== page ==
Special Collections & University Archives University of Massachusetts Amherst Libraries

Results for: “Foster, Georgana” (37 collections)
SCUA

Clark, William Smith, 1826-1886

William Smith Clark Papers, 1814-2003 (Bulk: 1844-1886).
(14.75 linear feet).
Call no.: RG 3/1 C63

William Smith Clark
William Smith Clark

Born in Ashfield, Massachusetts, in 1826, William Smith Clark graduated from Amherst College in 1848 and went on to teach the natural sciences at Williston Seminary until 1850, when he continued his education abroad, studying chemistry and botany at the University of Goettingen, earning his Ph.D in 1852. From 1852 to 1867 he was a member of Amherst College’s faculty as a Professor of Chemistry, Botany, and Zoology. As a leading citizen of Amherst, Clark was a strong advocate for the establishment of the new agricultural college, becoming one of the founding members of the college’s faculty and in 1867, the year the college welcomed its first class of 56 students, its President. During his presidency, he pressured the state government to increase funding for the new college and provide scholarships to enable poor students, including women, to attend. The college faced economic hardship early in its existence: enrollment dropped in the 1870s, and the college fell into debt. He is noted as well for helping to establish an agricultural college at Sapporo, Japan, and building strong ties between the Massachusetts Agricultural College and Hokkaido. After Clark was denied a leave of absence in 1879 to establish a “floating college” — a ship which would carry students and faculty around the world — he resigned.

The Clark Papers include materials from throughout his life, including correspondence with fellow professors and scientists, students in Japan, and family; materials relating to his Civil War service in the 21st Massachusetts Infantry; photographs and personal items; official correspondence and memoranda; published articles; books, articles, television, and radio materials relating to Clark, in Japanese and English; and materials regarding Hokkaido University and its continuing relationship with the University of Massachusetts.

Subjects
  • Agricultural colleges--Japan--History
  • Agricultural colleges--Massachusetts--History
  • Agriculturists--Japan
  • Agriculturists--Massachusetts
  • Amherst (Mass.)--History
  • Amherst College--Faculty
  • Amherst College--Students--Correspondence
  • Hokkaido (Japan)--History
  • Hokkaid¯o Daigaku--History
  • Hokkaid¯o Teikoku Daigaku--History
  • Japan--Relations--United States
  • Massachusetts Agricultural College--History
  • Sapporo N¯ogakk¯o--History
  • Sapporo N¯ogakk¯o. President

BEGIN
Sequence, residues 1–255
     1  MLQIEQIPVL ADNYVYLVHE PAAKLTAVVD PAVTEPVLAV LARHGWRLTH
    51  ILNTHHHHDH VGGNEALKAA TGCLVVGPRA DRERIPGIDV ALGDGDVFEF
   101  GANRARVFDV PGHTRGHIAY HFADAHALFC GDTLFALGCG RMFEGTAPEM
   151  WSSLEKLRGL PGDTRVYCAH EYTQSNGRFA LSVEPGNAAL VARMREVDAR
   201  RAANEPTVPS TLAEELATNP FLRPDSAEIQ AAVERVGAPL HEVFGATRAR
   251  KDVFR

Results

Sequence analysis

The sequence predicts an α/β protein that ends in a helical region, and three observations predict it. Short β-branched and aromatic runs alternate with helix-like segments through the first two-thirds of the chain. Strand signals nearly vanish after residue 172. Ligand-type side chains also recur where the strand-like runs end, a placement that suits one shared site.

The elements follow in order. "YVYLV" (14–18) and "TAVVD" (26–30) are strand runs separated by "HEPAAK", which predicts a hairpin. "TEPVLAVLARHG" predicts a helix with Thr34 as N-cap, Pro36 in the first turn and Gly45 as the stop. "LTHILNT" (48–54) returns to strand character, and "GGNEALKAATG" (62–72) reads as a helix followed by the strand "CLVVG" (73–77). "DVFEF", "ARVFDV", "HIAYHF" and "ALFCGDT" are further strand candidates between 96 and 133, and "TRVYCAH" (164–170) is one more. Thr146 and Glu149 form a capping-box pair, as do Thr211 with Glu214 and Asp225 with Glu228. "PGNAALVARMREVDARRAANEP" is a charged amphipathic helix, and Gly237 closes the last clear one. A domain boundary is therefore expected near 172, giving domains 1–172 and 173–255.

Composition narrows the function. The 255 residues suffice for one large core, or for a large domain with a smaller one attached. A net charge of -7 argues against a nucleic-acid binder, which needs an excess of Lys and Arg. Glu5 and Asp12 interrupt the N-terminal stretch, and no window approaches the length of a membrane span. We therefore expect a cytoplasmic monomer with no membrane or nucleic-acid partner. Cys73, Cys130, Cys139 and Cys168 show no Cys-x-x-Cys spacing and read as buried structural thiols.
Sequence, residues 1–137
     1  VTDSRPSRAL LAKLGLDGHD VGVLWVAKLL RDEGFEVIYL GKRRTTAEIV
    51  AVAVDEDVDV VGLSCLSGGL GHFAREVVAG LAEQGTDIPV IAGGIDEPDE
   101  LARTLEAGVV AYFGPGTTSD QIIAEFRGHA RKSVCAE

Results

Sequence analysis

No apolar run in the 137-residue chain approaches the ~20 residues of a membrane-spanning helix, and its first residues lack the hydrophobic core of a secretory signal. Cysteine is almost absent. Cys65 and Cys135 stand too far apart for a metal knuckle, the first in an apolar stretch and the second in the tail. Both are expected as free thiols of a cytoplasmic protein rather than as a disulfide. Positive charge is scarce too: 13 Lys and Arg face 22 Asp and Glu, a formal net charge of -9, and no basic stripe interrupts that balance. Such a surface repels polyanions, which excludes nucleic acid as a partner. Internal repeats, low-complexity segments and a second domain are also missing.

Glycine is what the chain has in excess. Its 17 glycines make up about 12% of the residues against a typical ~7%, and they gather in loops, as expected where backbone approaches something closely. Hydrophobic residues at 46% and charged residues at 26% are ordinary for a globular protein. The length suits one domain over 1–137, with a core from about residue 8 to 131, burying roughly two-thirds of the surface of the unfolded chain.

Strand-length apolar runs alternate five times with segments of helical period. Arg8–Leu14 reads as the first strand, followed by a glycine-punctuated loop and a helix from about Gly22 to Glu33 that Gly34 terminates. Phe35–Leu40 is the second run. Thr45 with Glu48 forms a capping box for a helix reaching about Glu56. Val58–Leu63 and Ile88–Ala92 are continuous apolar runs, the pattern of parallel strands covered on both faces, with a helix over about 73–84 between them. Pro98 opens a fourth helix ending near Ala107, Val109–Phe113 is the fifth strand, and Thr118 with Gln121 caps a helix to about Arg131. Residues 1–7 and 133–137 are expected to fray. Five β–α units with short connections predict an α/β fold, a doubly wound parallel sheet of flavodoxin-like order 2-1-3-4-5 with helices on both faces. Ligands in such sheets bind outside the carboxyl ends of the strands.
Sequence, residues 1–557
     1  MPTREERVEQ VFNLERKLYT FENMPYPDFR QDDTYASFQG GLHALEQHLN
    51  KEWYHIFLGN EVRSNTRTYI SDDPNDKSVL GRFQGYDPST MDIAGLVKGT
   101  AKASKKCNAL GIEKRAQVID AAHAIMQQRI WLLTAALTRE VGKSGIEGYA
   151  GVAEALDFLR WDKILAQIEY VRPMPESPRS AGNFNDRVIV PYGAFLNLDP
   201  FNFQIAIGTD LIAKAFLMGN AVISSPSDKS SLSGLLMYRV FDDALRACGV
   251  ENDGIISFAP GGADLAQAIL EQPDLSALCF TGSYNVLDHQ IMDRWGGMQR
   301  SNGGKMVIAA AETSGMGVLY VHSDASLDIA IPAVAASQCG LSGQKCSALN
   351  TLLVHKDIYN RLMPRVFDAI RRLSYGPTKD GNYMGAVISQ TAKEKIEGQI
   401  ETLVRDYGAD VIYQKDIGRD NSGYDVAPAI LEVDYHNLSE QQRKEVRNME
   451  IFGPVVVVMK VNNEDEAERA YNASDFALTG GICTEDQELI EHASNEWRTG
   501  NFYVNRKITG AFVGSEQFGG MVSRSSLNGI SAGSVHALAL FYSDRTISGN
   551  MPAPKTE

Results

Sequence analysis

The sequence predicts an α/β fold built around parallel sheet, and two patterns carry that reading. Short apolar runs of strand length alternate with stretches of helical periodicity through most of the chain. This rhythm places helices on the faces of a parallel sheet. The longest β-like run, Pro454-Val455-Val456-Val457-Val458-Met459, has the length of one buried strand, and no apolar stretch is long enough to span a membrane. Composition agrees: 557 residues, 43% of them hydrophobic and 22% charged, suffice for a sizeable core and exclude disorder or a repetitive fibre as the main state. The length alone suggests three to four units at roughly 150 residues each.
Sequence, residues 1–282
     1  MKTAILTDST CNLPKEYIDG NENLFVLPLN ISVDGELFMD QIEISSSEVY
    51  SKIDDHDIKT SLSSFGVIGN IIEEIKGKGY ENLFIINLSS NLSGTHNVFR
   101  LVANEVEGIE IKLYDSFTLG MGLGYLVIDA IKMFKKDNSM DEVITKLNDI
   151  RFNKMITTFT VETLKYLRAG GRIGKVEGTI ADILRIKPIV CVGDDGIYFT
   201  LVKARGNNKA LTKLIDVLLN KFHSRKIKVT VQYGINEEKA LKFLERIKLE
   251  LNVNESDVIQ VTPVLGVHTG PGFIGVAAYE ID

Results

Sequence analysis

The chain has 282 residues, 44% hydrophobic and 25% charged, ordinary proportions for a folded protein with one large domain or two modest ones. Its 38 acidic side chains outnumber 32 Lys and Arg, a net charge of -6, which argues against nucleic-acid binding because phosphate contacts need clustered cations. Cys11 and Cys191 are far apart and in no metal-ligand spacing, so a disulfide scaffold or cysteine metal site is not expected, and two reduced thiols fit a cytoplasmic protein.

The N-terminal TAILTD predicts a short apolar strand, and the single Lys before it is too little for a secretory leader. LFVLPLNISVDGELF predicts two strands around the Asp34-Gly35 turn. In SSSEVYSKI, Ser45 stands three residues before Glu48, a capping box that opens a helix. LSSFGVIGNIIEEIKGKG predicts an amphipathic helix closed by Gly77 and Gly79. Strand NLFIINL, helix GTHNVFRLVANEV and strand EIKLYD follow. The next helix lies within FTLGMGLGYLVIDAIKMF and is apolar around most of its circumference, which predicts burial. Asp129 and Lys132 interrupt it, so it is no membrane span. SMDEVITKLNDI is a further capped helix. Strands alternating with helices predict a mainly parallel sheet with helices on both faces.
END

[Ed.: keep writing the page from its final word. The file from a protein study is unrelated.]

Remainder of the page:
• T¯ohoku Teikoku Daigaku. N¯oka Daigaku--History
  • United States--History--Civil War, 1861-1865
  • United States--Relations--Japan
  • Universität Göttingen--Students--Correspondence
Contributors
  • Clark, William Smith, 1826-1886
  • Massachusetts Agricultural College. President
Types of material
  • Drawings
  • Photographs
  • Realia
  • Scrapbooks

Enfield (Mass.). School

Enfield School Account Books, 1816-1868.
2 vols. (0.25 linear feet).
Call no.: MS 087

Account books for school districts of Enfield, Massachusetts. The schools’ appropriations accounts kept by selectmen between 1816-1856 show the amount raised by the town annually for the support of the schools, and include how, when, and to whom money was disbursed. The account book for Enfield’s school district number 4, 1854-1868, includes records of the disbursement of money for teaching, boarding the teachers, supplying cord wood, making fires, and repairing the building. Also lists the names of teachers and members of the Prudential Committee (who kept the records and sometimes taught).

Subjects
  • Enfield (Mass.)--Appropriations and expenditures
  • Enfield (Mass.). Prudential Committee
  • Enfield (Mass.). School District Number 5
  • Public schools--Massachusetts--Enfield--Finance
  • Schools--Massachusetts--Enfield--Finance
  • Teachers--Massachusetts--Enfield
  • Women teachers--Massachusetts--Enfield
Types of material
  • Account books

ETHIR Fellowships in Digital Humanities

Experiential Training in Historic Information Resources (Ethir) is an initiative of the Department of Special Collections and University Archives in the UMass Amherst Libraries designed to provide students with structured, hands-on experience using and interpreting historical documentary resources. As part of our effort to integrate Special Collections more fully into the learning and research mission of the university, we offer an opportunity for select graduate students to work in the Department on a research project, while gaining first-hand experience in historical and archival praxis. Ethir fellows will take part in a range of activities in the digital humanities tied to primary source material, including curating exhibits, building digital corpora, or developing other interpretive materials.